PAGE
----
As one of the world’s largest food producers, Canada is a major player on the global agri-food stage. Since 2011, Canada has ranked as the world’s fifth-largest exporter of agricultural commodities and the 11th largest provider of agri-food globally, supplying the world with a diverse array of products, including soy, wheat, pulses, manufactured food products and live animals and animal products.
Overall, Canadian exports continue to grow. In 2017, our agri-food exports totalled $63.9 billion. And while EDC forecast a 0.5% dip in 2018, it expects 3.8% growth in the agri-food sector in 2019.
For all of Canada’s many successes in this sector, there’s still tremendous room for growth. In its 2017 report, Unleashing the Potential of Key Sectors, the Advisory Council on Economic Growth suggests that Canada has the potential to move from fifth to second place in terms of agricultural commodities, and from 11th to fifth place for agri-food.
Overcoming barriers to growth
While the agri-food sector appears poised for growth, there are a host of challenges exporters need to overcome to grow their sales in new markets around the globe. For example, many agri-food exporters have their sights firmly focused on our neighbour to the south, even though most are aware of the lucrative opportunities to be found in other markets. The numbers back this up: the U.S currently accounts for 54% of all Canadian exports in the agri-food sector.
In a recent survey commissioned by Agriculture and Agri-Food Canada (AAFC), nearly 80% of Canadian exporters surveyed said they were completely or greatly reliant on the U.S. for exports. Respondents cited multiple reasons preventing them from selling to new markets, including uncompetitive pricing, logistical issues, regulatory barriers and lack of experience.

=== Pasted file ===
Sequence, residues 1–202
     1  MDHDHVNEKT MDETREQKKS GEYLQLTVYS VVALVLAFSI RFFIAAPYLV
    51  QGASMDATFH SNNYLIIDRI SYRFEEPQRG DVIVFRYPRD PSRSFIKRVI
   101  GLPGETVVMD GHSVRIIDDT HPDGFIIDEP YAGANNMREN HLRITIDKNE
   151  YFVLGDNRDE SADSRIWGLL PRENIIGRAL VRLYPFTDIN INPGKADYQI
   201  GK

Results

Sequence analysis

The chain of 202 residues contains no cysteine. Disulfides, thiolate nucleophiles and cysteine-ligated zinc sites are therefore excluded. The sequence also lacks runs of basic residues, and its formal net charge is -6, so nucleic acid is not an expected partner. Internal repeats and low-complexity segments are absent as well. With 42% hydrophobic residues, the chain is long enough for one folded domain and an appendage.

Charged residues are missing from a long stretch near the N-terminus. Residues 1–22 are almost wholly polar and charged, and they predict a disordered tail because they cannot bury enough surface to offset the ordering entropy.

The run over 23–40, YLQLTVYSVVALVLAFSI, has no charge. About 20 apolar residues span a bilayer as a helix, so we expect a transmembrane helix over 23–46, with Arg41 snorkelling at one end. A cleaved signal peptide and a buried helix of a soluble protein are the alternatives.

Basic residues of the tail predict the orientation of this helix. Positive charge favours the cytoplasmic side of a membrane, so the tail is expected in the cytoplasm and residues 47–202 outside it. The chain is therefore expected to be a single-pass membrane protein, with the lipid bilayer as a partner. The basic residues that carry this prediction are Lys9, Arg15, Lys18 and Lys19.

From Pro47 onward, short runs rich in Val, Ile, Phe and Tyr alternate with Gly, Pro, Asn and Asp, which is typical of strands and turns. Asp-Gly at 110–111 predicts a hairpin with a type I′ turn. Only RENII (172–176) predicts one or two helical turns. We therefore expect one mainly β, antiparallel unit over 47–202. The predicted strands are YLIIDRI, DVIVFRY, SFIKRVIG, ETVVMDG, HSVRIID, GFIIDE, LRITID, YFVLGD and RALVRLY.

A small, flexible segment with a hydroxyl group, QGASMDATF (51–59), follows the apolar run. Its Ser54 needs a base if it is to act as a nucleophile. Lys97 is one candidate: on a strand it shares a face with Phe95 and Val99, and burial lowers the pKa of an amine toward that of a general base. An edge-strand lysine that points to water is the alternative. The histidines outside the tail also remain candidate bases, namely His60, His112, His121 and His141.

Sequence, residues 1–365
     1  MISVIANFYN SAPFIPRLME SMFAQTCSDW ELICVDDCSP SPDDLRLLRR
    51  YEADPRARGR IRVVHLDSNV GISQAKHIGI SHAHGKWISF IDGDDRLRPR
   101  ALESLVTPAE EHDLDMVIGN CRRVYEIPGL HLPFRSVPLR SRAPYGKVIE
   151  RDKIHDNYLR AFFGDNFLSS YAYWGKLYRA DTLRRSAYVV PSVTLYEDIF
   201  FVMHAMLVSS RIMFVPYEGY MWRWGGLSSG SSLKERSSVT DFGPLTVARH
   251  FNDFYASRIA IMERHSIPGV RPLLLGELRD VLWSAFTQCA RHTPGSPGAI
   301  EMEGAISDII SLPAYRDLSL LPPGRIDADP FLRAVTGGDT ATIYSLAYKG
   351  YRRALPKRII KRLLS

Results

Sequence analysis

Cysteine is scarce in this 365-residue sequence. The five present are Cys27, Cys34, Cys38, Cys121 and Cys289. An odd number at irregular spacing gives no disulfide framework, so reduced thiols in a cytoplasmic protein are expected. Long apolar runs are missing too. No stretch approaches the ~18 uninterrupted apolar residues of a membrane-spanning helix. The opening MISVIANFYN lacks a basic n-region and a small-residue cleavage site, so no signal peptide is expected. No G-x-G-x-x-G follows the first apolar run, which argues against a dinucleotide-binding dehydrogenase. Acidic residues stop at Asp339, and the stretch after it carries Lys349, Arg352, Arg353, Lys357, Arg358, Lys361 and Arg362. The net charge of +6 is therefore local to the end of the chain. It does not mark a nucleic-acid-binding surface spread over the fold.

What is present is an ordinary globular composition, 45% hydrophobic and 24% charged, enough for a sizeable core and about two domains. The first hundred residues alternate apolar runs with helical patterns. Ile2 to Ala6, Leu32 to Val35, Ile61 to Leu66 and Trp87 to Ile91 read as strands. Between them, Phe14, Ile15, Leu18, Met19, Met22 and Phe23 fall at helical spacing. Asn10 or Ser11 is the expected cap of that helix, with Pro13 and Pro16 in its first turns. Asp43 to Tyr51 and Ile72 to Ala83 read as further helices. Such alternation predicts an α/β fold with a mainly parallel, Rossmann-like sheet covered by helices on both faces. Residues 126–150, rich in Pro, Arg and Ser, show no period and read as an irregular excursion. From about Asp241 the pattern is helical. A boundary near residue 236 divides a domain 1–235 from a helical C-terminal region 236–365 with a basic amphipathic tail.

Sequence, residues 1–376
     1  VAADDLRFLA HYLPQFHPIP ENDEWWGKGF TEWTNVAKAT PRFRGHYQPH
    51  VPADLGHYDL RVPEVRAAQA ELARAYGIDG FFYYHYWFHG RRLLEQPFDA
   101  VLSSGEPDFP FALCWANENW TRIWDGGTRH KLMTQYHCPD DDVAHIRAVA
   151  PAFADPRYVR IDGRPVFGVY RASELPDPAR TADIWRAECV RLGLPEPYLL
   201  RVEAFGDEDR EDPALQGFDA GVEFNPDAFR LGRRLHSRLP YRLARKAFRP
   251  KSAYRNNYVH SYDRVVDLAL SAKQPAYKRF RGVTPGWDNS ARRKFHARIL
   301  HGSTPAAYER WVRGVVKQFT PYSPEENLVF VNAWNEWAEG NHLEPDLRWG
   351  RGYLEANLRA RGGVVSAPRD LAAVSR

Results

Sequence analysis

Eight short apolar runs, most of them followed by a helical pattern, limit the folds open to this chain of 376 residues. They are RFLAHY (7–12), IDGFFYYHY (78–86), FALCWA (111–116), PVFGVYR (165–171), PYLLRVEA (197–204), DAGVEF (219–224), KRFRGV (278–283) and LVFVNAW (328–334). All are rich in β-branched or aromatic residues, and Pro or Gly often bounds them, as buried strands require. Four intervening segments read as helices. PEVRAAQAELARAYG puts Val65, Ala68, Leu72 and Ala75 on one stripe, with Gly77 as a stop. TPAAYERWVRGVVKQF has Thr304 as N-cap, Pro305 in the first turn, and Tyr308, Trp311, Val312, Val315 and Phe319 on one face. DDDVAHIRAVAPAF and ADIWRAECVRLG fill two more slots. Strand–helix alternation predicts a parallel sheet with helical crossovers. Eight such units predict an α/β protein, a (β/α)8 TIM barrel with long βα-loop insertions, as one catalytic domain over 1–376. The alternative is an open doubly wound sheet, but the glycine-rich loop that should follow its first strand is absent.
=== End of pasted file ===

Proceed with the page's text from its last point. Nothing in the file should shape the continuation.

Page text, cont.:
Growing global trade disruptions and volatility present another major challenge for Canadian agri-food exporters. In its latest Trade Rankings Report on Agriculture, Farm Credit Canada (FCC) cites growing trade tensions between China and the United States as the defining force in agricultural markets in 2018. Canadian exporters have already felt the impact of these tensions. To cite just one example, China’s tariff on U.S. soybeans in June 2018 hit U.S. producers hard, but also dramatically lowered the price Canadian soybean producers received for their product.
New opportunities abound
While these challenges can’t be ignored, the outlook for Canadian agri-food exporters is bright, with many exciting new opportunities on the horizon, including edible offal, fresh beef, pork, chocolate and bread. Take the flourishing organic food market, for example. According to a new Economic Insights report, this market offers Canadian exporters substantial opportunities for growth.
In 2017, Canada’s organic food exports totalled $607 million. And while this represents just 1% of total exports in the agri-food sector, organic exports are highly diversified, with producers selling their products to more than 60 different markets. As the EDC report makes clear, global demand for organic food products is rising, as people become more health-conscious, incomes rise, producers scale up and retail distribution expands.
Canada’s participation in major international trade agreements has paved the way for increased sales to new markets, particularly in Asia and Europe. With the ratification of the Comprehensive Economic and Trade Agreement (CETA) and the Comprehensive and Progressive Agreement for Trans-Pacific Partnership (CPTPP), Canadian exporters now have a huge advantage over their competitors from countries that aren’t part of these agreements. With these agreements in place, many barriers have been lifted for Canadian exporters. CETA, for example, eliminates EU tariffs on 94% of Canada’s agri-food products.
Innovation driving growth and efficiency
Innovation is another key factor that will drive growth in the agri-food sector. Canadian agri-food companies continue to push the boundaries with exciting new food products that are in high demand in global markets. What’s more, advances in technology and innovative new processes are increasing efficiency, enhancing quality, and reducing costs.
P&P Optica (PPO), for example, is an Ontario-based firm that uses imaging and machine-learning to assess food composition and quality, as well as detect contamination by foreign objects. Innovative solutions, like these, enhance Canada’s already stellar reputation for food quality and safety with buyers in foreign markets.